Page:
Greenhouse Canada

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Root zone health is vital for top performance of greenhouse crops so here is some guidance on monitoring the health of the roots from the ground up

March 18, 2024  By Mohyuddin Mirza

Figure 1: Pea sprouts being germinated in trays without a growing medium. Strong matting occurs but these are very healthy, water absorbing roots and very healthy tops.

This article has its roots in two articles published in February 2013 and March-April 2016 issues of Greenhouse Canada. In the first issue I wrote about the complexity of root zone which depends on every input in the growing medium where roots live, grow and decay. The roots spend their lifetime in the ‘dark,’ although they love to come ‘outside the box’ in search of water and nutrients and still perform their functions. 

Since it is inconvenient to look into the root zone, we can always look at the top of the plant to gauge how the roots are doing. For example, if plants are showing wilt symptoms, we know roots are not absorbing water because there was not enough water around the roots. Similarly, if there are nutrient deficiencies in the leaves, we know that roots are not taking up the nutrients due to pH or EC (electrical conductivity) stress. 

A better understanding of root zone health status is being achieved today with the technology and sensors available to growers to interpret plant signals. 


How to support a healthy root zone

1. Know every thing about the growing medium you are using
This is the starting point. Here are few points:

  • The water holding capacity (WHC) and air porosity (AP) of each batch you use. 
  • What are the essential components of the growing medium and which one is involved with WHC and AP. Some components may degrade over a period of time and thus change the root zone health characteristics.
  • Particle size if you are using media like coir, peat, rice hulls, sawdust and others.
  • In water-based systems you must know the quality, especially be aware of sodium levels.
  • Know how to properly drain the growing medium bags or containers. Slits in the grow bag should be made near the bottom of the bag so that excess water will not build up and damage roots. Slits should allow almost complete drainage. A large reservoir maintained in the bag reduces the volume of aerated root zone, which plants need to grow optimally.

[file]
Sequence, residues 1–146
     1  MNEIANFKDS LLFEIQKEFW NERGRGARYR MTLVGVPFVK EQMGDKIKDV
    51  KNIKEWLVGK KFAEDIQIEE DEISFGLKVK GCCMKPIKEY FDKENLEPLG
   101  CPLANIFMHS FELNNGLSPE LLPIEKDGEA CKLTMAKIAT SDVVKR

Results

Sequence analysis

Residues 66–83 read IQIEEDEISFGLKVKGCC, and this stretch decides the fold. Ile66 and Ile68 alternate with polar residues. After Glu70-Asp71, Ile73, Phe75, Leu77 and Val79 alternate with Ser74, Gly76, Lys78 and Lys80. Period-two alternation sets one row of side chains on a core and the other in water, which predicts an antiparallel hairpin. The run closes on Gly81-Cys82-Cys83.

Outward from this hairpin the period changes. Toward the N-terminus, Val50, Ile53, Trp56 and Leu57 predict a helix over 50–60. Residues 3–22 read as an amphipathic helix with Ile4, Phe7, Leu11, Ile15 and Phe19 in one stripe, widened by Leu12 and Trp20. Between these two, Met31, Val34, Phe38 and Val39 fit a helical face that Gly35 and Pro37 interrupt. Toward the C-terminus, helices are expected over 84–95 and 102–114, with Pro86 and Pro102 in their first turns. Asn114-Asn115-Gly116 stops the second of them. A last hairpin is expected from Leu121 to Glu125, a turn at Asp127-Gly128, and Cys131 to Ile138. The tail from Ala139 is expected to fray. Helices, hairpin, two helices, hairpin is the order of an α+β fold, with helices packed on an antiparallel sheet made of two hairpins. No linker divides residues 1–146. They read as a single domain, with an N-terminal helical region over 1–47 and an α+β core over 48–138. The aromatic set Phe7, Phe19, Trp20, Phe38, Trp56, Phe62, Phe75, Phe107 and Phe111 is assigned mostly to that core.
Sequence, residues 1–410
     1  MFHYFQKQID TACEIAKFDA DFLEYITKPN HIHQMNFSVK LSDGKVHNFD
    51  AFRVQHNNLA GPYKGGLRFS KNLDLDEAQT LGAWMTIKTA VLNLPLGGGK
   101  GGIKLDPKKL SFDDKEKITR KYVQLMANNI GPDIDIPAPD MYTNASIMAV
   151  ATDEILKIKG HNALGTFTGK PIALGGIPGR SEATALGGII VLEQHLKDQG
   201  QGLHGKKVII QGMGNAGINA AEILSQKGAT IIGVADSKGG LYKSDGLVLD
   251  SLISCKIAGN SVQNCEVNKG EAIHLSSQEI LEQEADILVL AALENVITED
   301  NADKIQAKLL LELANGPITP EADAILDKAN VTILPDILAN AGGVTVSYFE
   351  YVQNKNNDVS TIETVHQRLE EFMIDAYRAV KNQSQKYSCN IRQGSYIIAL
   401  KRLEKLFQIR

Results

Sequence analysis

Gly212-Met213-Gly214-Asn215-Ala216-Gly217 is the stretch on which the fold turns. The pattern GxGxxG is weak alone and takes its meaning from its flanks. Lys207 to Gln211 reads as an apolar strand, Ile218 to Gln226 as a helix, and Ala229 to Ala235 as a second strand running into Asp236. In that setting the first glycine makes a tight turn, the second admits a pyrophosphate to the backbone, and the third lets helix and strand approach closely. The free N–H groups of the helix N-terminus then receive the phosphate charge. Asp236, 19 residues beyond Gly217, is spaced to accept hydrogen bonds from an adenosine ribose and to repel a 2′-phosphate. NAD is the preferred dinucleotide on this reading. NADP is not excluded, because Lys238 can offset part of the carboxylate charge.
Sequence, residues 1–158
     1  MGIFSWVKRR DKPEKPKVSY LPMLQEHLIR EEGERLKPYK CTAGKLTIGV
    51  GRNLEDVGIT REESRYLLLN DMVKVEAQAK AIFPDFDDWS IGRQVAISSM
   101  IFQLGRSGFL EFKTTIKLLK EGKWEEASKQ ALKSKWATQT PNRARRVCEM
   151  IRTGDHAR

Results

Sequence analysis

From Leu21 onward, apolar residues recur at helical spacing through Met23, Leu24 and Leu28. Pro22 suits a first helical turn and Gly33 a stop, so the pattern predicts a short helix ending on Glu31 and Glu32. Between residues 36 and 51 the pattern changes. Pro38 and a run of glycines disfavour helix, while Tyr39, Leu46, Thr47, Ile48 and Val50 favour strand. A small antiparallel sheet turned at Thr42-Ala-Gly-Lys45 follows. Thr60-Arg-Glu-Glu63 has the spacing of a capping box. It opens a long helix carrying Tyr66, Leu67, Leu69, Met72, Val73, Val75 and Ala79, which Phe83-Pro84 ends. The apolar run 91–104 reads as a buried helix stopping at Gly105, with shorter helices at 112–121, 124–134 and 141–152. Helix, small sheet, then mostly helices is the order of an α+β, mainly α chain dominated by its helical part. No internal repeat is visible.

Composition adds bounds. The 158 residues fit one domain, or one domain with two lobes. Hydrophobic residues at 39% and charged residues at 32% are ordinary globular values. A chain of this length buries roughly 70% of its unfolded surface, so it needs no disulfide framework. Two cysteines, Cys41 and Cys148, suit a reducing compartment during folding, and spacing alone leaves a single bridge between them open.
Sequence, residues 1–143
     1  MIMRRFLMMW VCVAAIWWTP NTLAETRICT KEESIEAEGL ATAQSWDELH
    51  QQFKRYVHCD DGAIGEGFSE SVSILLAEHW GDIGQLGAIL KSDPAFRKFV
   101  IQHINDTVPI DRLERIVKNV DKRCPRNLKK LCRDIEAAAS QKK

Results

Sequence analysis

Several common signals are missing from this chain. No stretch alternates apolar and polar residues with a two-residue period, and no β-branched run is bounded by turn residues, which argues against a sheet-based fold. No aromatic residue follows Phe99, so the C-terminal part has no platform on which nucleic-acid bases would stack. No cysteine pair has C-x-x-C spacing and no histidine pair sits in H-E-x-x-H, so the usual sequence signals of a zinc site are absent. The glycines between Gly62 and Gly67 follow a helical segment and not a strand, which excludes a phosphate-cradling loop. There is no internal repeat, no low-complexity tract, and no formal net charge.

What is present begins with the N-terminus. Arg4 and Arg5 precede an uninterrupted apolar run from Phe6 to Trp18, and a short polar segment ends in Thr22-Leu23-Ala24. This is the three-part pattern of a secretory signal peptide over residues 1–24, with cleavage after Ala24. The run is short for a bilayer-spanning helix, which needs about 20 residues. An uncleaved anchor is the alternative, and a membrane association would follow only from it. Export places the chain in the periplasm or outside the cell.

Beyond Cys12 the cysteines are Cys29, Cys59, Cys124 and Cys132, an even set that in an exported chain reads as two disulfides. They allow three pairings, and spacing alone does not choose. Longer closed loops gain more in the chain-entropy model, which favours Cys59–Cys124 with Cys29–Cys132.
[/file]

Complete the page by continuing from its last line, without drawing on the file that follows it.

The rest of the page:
• You must know the starting pH and EC of the growing medium. It has a major impact on root zone health. 

2. Know your water quality
Water is the largest input which affects root zone health. The major points are:

  • Overall quality is determined by pH, EC and SAR values (Sodium Absorption Ratio). SAR values are important from a root zone perspective because it reflects the time period in which the growing medium will become saline and affects water uptake.
  • Sodium level below 50 mg/L are acceptable and would not impact root zone health negatively.
  • Don’t forget about other elements which can become toxic to roots, like high fluoride and boron and zinc. 

3. Carefully monitor the Dissolved Oxygen (DO) content
DO content is important for root health and every grower should know the DO content. If it is too low (below 4 ppm) then diffused oxygen technology should be employed. High O2 levels in the root zone reduce the need for expensive applications of pythium controlling fungicides. Low O2 levels affect ion uptake which happens at the root hair level which is stimulated by high O2 levels. Many DO technologies and systems are available in the market place. Choose a system where oxygen stays dissolved at higher water temperatures. In my experience the DO levels at drip line should be around 8 to 10 ppm at 18 to 20oC. 

4. Irrigation and lighting
Your irrigation practices should be aligned with the sunlight or supplemental lights available. Timing of first drain is important, much more than the percentage of drain over the 24-hour period.

5. After oxygen, pH is probably the next most important element to monitor